About it being fast... well, it's got lots of useless eyecandy. For the amount of eyecandy that it does, yes: it's fast. Any other wm not based on imlib would be much slower with that amount of "nice" things, because here there's no compositing involved, and as such, there's no hardware acceleration.

I have very little experience with e17, but I really don't like the project very much (with all due respect to the great work of mr. rasterman and co.) About e16, it looks nice to play with it for a few hours, but I never found it usable for any practical purpose.

Fluxbox is overall a very good window manager, a good choice. With the time you can always investigate and migrate to something that fits you better, if you decide that flux is not enough for you.

In any case, the choice is yours ;)

ktek 09-17-2008 08:57 PM

might explain the dependencies e17 had. i didn't really do much research, which was a folly of overzealousness, and assumed it was a little bolt on system. I saw a few themes that I wanted to rip apart and poke around inside that reqed e17, and tossed out the notion when confronted with that list.

fluxbox is really awesome, though I've run into a customization headache or two, the configuration scripts are clean and powerful, but have been occasionally persnickety for me. I think i'll keep it, but i'm still a nub so i have gnome for when i get stuck, which hasn't happened yet. wanted to replace it with xfce, which I'm passably familiar with. debian didn't quite like it though. haven't tried to build it from source though. i don't think i will until i get bored and restless one late night or something.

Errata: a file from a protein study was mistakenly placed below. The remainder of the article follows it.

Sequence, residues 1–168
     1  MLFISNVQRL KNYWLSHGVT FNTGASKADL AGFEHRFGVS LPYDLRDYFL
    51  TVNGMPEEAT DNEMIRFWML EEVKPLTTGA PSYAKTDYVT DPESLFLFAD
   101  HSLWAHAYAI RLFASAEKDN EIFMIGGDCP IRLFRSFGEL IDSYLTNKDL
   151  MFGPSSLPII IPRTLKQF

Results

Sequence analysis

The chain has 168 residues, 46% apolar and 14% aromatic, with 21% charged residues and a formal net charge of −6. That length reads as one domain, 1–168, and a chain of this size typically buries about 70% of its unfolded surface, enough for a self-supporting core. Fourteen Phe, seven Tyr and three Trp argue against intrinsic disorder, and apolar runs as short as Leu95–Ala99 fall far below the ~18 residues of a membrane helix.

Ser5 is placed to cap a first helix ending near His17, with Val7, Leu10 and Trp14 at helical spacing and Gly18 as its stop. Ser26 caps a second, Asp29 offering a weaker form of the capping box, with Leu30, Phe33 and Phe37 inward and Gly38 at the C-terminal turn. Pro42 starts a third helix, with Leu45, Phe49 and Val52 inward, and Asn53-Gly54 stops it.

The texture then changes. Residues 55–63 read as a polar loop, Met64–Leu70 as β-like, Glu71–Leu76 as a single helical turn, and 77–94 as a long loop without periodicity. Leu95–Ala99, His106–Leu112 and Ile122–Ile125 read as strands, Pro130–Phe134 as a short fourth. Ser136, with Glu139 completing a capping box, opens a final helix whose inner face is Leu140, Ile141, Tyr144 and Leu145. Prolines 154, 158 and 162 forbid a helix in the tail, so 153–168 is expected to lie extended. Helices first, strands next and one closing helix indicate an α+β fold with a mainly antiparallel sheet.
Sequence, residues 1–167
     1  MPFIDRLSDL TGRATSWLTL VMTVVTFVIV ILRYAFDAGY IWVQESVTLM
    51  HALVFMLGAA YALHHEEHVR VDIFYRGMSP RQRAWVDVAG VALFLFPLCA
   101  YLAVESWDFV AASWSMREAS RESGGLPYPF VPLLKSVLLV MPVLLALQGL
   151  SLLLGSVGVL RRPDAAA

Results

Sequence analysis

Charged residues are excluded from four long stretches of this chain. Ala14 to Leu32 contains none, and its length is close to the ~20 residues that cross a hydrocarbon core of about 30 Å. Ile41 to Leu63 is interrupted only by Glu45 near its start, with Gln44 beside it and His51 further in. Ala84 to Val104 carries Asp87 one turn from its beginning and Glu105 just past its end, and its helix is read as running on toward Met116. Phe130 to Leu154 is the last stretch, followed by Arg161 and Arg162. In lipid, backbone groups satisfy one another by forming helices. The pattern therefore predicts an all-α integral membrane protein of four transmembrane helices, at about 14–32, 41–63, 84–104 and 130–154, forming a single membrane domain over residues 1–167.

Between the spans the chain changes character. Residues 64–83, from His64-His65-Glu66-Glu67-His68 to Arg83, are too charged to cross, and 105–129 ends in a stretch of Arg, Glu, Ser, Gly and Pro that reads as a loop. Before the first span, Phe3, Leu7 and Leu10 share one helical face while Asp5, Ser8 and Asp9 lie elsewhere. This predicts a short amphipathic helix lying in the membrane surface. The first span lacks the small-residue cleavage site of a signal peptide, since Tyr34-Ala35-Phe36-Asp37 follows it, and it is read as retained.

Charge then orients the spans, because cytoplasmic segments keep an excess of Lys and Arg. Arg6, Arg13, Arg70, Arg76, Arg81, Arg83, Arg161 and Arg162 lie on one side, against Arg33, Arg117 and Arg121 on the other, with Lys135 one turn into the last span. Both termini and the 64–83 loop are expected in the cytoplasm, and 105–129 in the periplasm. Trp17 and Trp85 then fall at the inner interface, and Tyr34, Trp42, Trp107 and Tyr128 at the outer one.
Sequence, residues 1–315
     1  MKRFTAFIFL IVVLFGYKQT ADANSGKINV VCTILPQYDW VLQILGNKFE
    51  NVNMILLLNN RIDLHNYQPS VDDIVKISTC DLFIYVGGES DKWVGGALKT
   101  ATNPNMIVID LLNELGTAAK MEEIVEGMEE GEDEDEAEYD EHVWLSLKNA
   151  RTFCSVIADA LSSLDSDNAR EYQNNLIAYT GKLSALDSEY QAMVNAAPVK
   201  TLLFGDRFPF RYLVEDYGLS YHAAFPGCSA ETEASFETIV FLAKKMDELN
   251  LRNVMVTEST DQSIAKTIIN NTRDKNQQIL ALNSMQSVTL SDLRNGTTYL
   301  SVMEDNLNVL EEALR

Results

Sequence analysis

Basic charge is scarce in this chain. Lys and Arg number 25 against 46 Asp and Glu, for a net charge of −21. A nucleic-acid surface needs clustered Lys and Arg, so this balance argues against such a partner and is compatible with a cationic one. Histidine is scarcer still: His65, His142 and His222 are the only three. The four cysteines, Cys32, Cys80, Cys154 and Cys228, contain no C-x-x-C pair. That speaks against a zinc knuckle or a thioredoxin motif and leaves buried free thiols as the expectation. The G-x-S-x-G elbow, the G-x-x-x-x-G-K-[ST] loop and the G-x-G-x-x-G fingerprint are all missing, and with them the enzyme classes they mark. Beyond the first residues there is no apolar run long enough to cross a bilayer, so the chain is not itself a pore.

resetreset 09-18-2008 06:04 AM

I just want to encourage anybody I can to use Enlightenment, so I'd say yes. If your video card blows up or something, you can buy another one, right? :)

ktek 09-25-2008 04:43 AM

^Unfortunately these cursed dells aren't so easily dealt with. I could buy a new card, but it would probably be as outdated as the rest. That would be compounded in difficulty by the fact that the very silicon of the video cards on these bastards are custom cut, and the model is very near to the point of no ongoing support.I also have no moneyz :*{
I tried Enlightenment, and my computer sure didn't like it (i wasn't a big fan either). I think I'll punish this thing until the magic smoke escapes, but it has much more suffering ahead. Don't want to let it off too soon or easy.

When I can afford an additional computer, I think I might cut this thing open, and cannibalize it's sweet entrails. I figure *in theory* I should be able to make a mini-ish computer with the right parts in the right spatial configuration, at less monetary cost, and at greater intellectual gain than actually purchasing a real mini-computer. I have opposable thumbs, damnit, but what good are they without half-cocked mad-science schemes?

window managers today, THE WORLD tomorrow. . . .